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Greg Prince and Jason Fry
Faith and Fear in Flushing made its debut on Feb. 16, 2005, the brainchild of two longtime friends and lifelong Met fans.

Greg Prince discovered the Mets when he was 6, during the magical summer of 1969. He is a Long Island-based writer, editor and communications consultant. Contact him here.

Jason Fry is a Brooklyn writer whose first memories include his mom leaping up and down cheering for Rusty Staub. Check out his other writing here.

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Faith and Fear Remixed (First-Half Jam)

…another season of faith and fear in Flushing.

It has to mean something that up here in the grimopolis that is February in New York, a nasty afternoon shower has given way to a rainbow outside my office window.

Though it wouldn't be Port St. Lucie without some of the usual Met weirdness.

Why didn't Reyes ever finish his leg rehab with Shilstone?

The fairly anonymous Chris Woodward somehow already has a Met card. One wonders if that will be the highlight of Mr. Woodward's Met career.

We're all putting too much on Beltran probably.

There can't be a historically minded person in Metland who didn't at least cringe a little bit after reading Willie Randolph's rules for the team.

I'm counting on Zambrano making everybody forget a little about Scott Kazmir.

If Mike Cameron is human, he's going to be an unhappy camper.

We are at the first stir-crazy point of spring training, the first afternoon that 1:30 rolls around and you think, “Can't they televise a split-squad game or something?”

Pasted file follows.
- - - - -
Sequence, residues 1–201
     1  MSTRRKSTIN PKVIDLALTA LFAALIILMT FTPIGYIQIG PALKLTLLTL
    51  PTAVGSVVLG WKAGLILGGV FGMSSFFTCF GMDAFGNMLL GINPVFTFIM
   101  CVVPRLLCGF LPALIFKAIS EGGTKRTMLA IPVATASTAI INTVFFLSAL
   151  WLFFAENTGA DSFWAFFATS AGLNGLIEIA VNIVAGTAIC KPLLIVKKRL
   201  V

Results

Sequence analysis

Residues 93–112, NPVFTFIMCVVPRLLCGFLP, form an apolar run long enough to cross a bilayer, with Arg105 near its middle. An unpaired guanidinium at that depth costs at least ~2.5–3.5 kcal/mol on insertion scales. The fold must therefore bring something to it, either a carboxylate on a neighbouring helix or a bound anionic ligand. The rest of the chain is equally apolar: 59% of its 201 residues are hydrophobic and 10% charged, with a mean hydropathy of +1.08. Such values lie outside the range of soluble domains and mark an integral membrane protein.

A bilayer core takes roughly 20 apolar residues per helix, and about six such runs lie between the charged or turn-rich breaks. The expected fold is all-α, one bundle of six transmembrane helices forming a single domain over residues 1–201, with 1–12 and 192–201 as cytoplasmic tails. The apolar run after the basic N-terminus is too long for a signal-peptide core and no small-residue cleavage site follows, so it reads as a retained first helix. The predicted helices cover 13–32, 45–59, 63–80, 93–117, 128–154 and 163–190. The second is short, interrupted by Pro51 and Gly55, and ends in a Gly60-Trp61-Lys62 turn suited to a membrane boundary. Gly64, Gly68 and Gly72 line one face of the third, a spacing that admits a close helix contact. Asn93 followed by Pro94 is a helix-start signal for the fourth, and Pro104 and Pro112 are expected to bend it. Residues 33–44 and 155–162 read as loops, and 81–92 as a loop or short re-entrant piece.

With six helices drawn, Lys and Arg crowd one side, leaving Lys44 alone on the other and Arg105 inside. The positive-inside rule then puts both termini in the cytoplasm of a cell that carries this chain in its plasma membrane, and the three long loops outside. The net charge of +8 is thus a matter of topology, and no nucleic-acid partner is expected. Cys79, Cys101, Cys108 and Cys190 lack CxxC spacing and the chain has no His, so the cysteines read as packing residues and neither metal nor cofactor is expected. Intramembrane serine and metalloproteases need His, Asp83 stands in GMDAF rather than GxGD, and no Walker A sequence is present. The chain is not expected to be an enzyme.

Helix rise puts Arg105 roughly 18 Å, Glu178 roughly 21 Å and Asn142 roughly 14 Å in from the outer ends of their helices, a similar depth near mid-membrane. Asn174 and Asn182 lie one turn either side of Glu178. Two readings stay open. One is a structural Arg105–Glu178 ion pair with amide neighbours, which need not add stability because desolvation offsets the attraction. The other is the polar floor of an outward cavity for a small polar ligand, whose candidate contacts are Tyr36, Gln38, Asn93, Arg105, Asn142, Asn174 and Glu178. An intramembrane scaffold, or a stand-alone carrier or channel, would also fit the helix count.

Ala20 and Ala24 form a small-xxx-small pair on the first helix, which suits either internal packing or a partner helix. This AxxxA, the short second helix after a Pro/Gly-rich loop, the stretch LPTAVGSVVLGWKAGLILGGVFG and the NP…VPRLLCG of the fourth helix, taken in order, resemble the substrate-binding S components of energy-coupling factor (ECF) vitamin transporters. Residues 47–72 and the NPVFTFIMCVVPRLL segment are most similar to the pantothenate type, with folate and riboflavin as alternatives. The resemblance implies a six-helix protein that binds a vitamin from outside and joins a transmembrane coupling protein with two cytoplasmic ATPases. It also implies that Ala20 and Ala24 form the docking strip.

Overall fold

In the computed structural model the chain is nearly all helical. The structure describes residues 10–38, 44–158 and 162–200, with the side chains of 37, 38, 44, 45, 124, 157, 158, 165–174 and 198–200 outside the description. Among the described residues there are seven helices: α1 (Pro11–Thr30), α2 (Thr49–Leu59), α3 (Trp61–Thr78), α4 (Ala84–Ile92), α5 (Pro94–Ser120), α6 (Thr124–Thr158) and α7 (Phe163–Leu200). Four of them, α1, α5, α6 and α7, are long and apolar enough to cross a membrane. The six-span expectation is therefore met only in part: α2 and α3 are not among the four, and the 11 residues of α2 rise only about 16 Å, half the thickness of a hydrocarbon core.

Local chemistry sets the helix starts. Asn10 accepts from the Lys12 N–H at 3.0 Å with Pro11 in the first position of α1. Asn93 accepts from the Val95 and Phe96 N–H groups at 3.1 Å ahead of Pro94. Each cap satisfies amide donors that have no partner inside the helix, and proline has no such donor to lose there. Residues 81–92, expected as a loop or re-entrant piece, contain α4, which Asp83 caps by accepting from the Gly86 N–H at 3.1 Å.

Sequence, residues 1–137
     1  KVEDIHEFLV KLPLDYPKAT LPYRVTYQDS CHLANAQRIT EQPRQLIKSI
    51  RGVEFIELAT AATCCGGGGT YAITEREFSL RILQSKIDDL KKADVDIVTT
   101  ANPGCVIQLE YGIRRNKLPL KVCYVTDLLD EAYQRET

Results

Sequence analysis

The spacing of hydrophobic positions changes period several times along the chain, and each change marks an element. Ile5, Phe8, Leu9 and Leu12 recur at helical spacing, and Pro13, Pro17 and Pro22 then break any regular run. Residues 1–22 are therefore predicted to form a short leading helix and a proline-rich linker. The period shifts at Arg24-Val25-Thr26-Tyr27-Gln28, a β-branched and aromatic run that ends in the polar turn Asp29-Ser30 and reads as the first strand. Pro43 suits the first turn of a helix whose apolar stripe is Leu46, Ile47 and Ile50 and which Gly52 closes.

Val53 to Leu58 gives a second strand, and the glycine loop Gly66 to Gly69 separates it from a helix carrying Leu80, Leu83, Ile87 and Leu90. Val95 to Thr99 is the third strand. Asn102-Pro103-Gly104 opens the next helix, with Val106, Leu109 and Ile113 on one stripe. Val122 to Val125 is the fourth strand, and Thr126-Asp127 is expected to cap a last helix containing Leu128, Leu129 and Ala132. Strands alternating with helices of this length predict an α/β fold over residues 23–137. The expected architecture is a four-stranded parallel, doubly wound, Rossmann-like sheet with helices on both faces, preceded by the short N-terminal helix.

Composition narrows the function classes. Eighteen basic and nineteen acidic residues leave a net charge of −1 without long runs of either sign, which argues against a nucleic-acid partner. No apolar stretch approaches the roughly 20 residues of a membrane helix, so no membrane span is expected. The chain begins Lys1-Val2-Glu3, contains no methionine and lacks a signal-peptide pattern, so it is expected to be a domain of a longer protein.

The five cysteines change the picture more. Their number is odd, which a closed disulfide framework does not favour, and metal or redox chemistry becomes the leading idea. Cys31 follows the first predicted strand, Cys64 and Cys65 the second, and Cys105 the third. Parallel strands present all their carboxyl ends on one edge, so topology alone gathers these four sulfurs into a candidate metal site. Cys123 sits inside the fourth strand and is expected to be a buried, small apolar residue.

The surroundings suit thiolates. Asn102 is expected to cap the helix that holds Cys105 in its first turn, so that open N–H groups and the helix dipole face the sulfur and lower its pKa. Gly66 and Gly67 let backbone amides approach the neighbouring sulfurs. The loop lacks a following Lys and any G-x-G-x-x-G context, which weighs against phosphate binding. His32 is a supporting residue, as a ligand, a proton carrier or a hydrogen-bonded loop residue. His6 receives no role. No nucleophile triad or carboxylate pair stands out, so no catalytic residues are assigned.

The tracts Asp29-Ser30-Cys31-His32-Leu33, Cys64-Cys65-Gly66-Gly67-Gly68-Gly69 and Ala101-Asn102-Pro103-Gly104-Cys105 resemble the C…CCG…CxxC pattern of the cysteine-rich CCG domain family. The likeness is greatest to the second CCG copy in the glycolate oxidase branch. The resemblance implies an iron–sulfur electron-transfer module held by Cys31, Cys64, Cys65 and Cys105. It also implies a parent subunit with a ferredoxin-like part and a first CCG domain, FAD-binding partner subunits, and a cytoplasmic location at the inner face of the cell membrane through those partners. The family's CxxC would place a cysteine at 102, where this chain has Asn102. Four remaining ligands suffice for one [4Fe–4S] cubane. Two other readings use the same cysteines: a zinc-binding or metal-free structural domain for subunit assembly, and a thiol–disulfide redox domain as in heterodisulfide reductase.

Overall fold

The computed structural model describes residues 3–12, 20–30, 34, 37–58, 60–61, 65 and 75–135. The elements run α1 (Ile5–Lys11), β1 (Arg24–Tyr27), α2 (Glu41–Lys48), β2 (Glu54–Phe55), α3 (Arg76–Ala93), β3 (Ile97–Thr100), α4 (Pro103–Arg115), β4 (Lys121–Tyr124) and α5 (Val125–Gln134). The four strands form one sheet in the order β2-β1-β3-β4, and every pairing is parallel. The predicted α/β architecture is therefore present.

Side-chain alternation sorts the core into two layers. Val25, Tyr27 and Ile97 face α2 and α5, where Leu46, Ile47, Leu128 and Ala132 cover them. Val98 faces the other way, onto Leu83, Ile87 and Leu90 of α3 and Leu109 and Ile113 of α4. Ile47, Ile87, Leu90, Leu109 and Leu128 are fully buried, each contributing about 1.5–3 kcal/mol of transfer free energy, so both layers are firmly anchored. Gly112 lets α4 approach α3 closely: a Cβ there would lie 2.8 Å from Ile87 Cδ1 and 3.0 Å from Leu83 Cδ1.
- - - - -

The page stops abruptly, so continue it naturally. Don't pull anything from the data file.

After months of seeing ballplayers as businessmen and bounty and celebrities and vessels for our unfulfilled, unreasonable dreams, we are now seeing them as ballplayers.

Yes, this is the time of year when every team's a contender, every rookie's a keeper, every McEwing's a McCovey.

Needless to say, I don't pencil in World Series appearances or angle eight months out for playoff tickets.

Diaz I'm looking forward to when the exhibitions start. A couple homers and it could start a Huskey-type tease and they'll have to take him north.

I can't find a smoking gun in Delgadogate, and I've looked.

To paraphrase Chris Rock at the Oscars, if Al Leiter got fired from The Gap, don't expect him to take a job at the Banana Republic across the mall and tell all the shoppers how great it is at The Gap.

Someday must teach Reyes to draw a walk — he's on pace for Bonds to outwalk him in a week, off-day included.

In case any other lunatic out there has spent years looking for a decent photo of Al Schmelz, this is probably as close as you can get.

I get the feeling that after a while, being Matt Hoey supercedes watching the game or following the team for Matt Hoey.

Of course, spring training being spring training, I know my anticipation will soon give way to somewhat-lackadaisical interest, and then to occasional glances.

Every exhibition should be covered to death.

The first day of spring training went pretty much as I thought it would: After an inning I paid almost no attention

When you get right down to it, baseball coverage and political coverage are pretty much on a par.

The actual Pedro Martinez pitches for the New York Mets. Son of a gun.

With Jeff Gannon gone, doesn't Talon News have a spot available for Fran? The man can spin anything.

Did I hear Ted Robinson right at the end of the cablecast, that in 2005, for the first time since 1964, the Mets will play no games on artificial turf?

But how much do you want to bet some retread like Roberto Hernandez (2004 INR -3.8) or Scott Stewart (-4.5) makes the team instead?

After I am elevated to the position of Maximum Leader Regarding All Things Baseball Or At Least Those That Interest Me, my first act will be to decree Gil Hodges inducted into the Hall of Fame.

Todd Van Poppel retired. Or at least the consensus is that he retired — he left camp, at any rate.